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Confession Is Good For The... Wallet
by Julie Williams

My husband Paul and I have been invited to a wedding in Las Vegas. To Paul's surprise, I offered to pay for the whole trip with money I have earned writing confessions! During the last eleven months I've made more than enough to cover our air fare, hotel and even gambling money.

In issue # 09205 of Writing for DOLLARS! I wrote about my first foray into this little-known writing market — Confessions magazines. Now that I've had ten short stories accepted by four of these publications — True Story, True Love, True Experience and Black Confessions, I'd like to pass on twelve, tried and tested tips to encourage you to try your hand at a confession and earn some extra money. Trust me — the editors of the Trues are constantly looking for new stories.

1. Check out the website www.truesonline.com. Here, True Love's editor tells you how to write for her magazine, or contact Dorchester Media, L.L.C. at 333, Seventh Avenue, New York, NY 10001-5004 (212) 780-3500 for sample magazines. Read the stories, study their content and try your hand at writing one. Follow the guidelines on story length and submitting. Some magazines ask for the manuscript plus disk as an RTF file. True Confessions wants the manuscript and disk as a Word file.

2. Purchase Peggy Fielding's book, Confessing for Money, Writing and Selling to the Secret Short Story Market. This is invaluable and will give you all the points you'll need to structure a story. Then use your imagination.

3. Even if you're currently writing a novel, poetry or non-fiction, confessions stories take very little time and they're a lot of fun to write. Maybe during a period when you're having writer's block, take one of your novel's minor characters, give them a problem to solve and re-write it in first person POV as a confession. Let your character choose a wrong path, and see how it leads her into more trouble, and then let her find a better way to solve her problem.

4. Read your story to critique groups, or your trusted friend, colleague or spouse. Listen to their advice and suggestions and edit if necessary. Then submit the story. It can take several months to hear back from the magazine (I've been lucky and have generally had a response within weeks), but if you enjoyed the experience, don't wait - start another one right away.

5. Never send a confession story to more than one magazine at a time. If your story is returned, then you can send it off to another, sister magazine either as is, or go through it to see if there's something you want to change this time around. Does it have enough dialogue, inner monologue, angst? Peggy Fielding says, "If your reader (editor) cries, you are sure of a sale."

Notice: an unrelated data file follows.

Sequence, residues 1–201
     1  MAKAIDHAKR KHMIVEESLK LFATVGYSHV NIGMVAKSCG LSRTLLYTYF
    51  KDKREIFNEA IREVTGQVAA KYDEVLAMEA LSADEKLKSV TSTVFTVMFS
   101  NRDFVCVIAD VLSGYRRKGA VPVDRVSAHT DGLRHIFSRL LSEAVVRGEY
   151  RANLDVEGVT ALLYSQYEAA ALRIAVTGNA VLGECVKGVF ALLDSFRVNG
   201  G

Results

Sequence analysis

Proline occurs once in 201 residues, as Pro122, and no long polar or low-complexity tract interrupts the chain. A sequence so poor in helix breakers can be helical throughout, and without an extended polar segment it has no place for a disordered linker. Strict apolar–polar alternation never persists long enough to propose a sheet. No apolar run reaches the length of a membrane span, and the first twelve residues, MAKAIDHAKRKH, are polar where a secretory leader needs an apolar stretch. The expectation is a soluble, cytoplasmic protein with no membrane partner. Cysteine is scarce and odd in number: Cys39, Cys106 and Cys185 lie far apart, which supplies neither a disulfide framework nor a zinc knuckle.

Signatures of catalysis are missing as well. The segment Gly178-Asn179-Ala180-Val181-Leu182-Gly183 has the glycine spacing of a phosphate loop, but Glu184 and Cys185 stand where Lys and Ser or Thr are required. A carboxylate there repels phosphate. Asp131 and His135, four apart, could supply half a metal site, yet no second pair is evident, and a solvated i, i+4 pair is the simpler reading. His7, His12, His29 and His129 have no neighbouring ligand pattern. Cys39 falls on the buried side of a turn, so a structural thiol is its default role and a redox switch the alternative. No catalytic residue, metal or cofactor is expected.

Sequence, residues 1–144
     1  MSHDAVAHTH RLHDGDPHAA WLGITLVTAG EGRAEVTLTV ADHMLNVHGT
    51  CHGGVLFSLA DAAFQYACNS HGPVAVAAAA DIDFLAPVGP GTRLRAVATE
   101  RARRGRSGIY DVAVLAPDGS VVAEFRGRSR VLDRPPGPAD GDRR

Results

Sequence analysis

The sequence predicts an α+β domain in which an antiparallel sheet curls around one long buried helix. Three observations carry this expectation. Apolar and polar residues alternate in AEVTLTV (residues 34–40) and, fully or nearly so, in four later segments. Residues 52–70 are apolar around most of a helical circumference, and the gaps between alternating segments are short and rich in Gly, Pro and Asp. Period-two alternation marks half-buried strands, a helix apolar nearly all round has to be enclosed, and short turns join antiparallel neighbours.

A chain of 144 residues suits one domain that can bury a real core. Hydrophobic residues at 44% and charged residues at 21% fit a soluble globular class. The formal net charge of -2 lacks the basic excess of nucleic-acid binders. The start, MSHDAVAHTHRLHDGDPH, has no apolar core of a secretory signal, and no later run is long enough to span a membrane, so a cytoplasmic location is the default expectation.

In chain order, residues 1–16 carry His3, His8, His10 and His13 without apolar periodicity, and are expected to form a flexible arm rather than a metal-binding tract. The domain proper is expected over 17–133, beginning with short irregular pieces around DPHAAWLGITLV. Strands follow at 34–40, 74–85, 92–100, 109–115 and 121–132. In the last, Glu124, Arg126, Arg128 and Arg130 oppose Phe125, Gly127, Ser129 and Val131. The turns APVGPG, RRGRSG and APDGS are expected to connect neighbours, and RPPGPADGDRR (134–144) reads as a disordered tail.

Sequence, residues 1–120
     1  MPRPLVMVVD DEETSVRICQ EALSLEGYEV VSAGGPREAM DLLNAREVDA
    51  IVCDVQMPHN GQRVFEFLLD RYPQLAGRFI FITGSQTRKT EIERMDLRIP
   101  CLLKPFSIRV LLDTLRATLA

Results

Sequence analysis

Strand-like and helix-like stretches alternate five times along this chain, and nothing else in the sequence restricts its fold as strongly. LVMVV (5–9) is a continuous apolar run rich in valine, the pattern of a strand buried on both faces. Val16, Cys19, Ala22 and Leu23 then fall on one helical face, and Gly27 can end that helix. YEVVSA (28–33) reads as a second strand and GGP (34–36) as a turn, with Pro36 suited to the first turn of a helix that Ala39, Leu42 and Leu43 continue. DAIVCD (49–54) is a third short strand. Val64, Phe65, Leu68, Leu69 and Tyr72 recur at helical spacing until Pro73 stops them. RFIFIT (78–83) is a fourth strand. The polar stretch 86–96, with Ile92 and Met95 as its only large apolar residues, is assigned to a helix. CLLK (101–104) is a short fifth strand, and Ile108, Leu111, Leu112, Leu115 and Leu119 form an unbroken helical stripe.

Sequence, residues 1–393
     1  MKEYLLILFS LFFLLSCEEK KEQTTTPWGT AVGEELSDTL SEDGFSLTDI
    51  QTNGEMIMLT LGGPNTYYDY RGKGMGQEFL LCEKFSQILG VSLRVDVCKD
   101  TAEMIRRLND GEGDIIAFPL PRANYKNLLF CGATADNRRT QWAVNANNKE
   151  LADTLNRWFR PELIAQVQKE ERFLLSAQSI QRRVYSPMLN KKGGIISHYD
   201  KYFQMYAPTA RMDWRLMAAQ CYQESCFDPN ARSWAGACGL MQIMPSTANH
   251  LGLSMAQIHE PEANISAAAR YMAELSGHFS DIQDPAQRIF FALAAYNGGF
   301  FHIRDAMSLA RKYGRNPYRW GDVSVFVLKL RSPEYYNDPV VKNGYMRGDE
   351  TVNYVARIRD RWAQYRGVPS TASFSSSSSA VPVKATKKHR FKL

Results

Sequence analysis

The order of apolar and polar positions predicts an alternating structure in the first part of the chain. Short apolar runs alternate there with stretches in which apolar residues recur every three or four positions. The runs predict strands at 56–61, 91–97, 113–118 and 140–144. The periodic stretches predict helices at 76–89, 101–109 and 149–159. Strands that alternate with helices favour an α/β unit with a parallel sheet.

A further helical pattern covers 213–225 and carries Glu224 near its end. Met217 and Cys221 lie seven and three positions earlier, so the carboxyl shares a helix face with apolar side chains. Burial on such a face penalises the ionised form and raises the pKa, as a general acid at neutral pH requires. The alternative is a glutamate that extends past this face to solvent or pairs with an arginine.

6. These magazines pay between 3 and 5 cents per word, and a couple of them also print readers' letters. I can't tell you how exciting it is to have a reader comment on your story — how it touched him or her, how similar to their own experience it was or how they learned something from your tale. This last point is crucial, I feel. Your story character has to find a way out of her problem (after taking one or two wrong turns), and if someone who is going through a similar experience can read your story and reap the benefits of your insight, then you will have achieved something special.

7. Whatever bad situation you create for your character, I can almost guarantee that it's happened to someone else, and these people are pleased to have it "voiced" by you.

8. Story endings don't necessarily have to be Hollywood Happy, but I like to give readers hope that people can change, and life can get better as long as folks are willing to try.

9. The magazines' expectations are for realistic, not necessarily factual (to you) experiences that show how someone solves a particular problem. They don't have to be about love, and the protagonist doesn't have to be heroine material, but more like the girl under the hairdryer next to you.

10. Use a variety of sources to find story ideas: newspapers, TV talk shows, gatherings at the water-cooler. Draw from your friends' experiences and re-work their observations into a confession. Get their permission, or make sure all the characters are unrecognizable.

11. Expect the editors to change your characters' names, if not the places, even though you have already done so (see #10).

12. Don't worry about not having a byline, since stories are all written in the first person. (At least you won't have to explain your slight writing deviation to the readers of your other work.) Your name will, however, be on the check!

Good luck. Who knows, maybe you'll be taking your spouse to Las Vegas soon!

© Copyright 2006, Julie Williams



Julie Williams



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